Decorative additions are now no longer limited to just 2D designs. 3D puff embroidery is a great way to add not just a bit of texture but a noticeable amount of it. Usually, embroidery already adds a good amount of texture to your fabric, but with puff embroidery, you get even more body on the surface. Puff embroidery is usually done on thicker fabrics, typically on baseball caps.
The first step for creating puff embroidery is to have the design ready, and the embroidery machine programmed to sew out your design. Puff embroidery can actually be done on a wide range of garments with the exception of very fragile or thin ones. However, it looks and feels best on harder garments such as those used for heavy duty bags, or on cap flaps.
Once the design is ready, the garment can be hooped and set on the embroidery machine. 3D puff embroidery usually calls for two rounds of embroidery – one which would serve as the outline, and the other which would be the one keeping the puff or foam material in place. The first layer of embroidery would be flat against the fabric and will become the outline for the foam. Two-color puff embroideries pop out better against fabrics, although you can skip this part if you use a contrasting thread color for your single-color puff embroidery on your garment.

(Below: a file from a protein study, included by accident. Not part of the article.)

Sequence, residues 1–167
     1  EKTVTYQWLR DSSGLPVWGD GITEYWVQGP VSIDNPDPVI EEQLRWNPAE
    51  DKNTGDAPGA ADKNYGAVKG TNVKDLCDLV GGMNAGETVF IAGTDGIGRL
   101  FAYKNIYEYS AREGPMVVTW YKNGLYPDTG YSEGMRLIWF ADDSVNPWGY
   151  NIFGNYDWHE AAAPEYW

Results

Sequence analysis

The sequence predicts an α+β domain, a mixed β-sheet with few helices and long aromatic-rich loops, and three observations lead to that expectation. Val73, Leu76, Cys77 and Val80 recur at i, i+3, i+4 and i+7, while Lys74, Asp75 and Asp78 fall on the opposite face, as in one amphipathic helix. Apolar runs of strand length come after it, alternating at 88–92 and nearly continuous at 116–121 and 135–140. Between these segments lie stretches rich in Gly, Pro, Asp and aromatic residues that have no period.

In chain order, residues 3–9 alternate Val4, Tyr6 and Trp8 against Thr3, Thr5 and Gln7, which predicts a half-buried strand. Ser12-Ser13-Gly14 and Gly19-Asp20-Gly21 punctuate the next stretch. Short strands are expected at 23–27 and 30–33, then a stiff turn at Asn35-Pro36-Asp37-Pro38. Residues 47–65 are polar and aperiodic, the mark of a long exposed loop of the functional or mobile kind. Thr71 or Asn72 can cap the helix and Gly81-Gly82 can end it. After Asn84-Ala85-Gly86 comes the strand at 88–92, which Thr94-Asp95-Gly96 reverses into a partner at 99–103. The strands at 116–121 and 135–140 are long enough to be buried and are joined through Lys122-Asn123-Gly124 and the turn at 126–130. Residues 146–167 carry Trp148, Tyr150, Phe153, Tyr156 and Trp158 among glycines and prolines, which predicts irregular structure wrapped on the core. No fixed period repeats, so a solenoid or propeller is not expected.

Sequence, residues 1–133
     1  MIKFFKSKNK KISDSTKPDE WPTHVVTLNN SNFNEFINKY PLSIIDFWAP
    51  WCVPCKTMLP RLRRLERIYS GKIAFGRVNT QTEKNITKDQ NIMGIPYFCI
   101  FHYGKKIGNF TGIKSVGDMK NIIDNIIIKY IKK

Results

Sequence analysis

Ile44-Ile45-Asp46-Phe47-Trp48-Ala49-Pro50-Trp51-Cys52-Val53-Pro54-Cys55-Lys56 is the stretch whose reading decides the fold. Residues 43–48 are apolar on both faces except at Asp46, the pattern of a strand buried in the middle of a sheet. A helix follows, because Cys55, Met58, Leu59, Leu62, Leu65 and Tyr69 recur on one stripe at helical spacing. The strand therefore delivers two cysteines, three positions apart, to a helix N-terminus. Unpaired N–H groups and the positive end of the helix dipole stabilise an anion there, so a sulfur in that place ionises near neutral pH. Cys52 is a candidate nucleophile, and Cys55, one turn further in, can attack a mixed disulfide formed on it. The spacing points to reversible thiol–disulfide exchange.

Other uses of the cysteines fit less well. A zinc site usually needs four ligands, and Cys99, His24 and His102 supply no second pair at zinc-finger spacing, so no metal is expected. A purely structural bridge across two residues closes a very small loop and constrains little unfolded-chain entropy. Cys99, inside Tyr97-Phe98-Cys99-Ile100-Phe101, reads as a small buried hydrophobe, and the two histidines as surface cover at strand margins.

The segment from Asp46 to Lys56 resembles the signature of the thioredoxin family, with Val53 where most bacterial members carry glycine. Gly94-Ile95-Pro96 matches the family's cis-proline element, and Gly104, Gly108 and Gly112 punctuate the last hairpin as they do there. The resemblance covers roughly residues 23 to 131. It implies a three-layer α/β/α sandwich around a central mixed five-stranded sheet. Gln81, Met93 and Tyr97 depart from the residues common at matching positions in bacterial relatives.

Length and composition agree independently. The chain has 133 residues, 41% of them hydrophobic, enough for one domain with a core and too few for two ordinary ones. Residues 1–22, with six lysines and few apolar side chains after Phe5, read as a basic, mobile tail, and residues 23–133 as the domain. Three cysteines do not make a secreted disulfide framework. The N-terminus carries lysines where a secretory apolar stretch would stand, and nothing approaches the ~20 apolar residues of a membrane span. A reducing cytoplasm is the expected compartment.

Next, place a layer of the puff or your foam over the outline. Have a little over half an inch of foam from each side of the outline embroidery and secure the foam in place with some masking tape. Foam usually comes in basic colors, so there would be times when matching your thread with the foam won’t produce exact results. Because of this, remember to choose the closest matching color of puff so it won’t show through your second layer of embroidery.
Once the foam is in place, set your embroidery machine to work and have it run the next color of thread. Reducing the embroidery speed of the machine and setting it on a denser stitch can help come up with better coverage and less thread breakage during the embroidery process. Allow the embroidery machine to finish with the process, and check after every few moments if the foam is still in place. Usually, the embroidery machine would keep the foam in place anyway, but rechecking if the foam stays in place can help have better results.
Once the embroidery machine is done with the second layer that has the puff on it, you will notice that the puff remains “attached” through bits of perforated material, but this can easily come off – leaving just the embossed parts on your fabric. Simply pull out the edges of the foam and you’ll have no problem keeping the embroidered letter in good condition.
With the right materials and embroidery machine settings, 3D embroideries can be easily achieved to have more textured designs on your fabrics. This style is particularly beneficial for sports goods!
What did you think about today’s post? Sound off on the comments section below!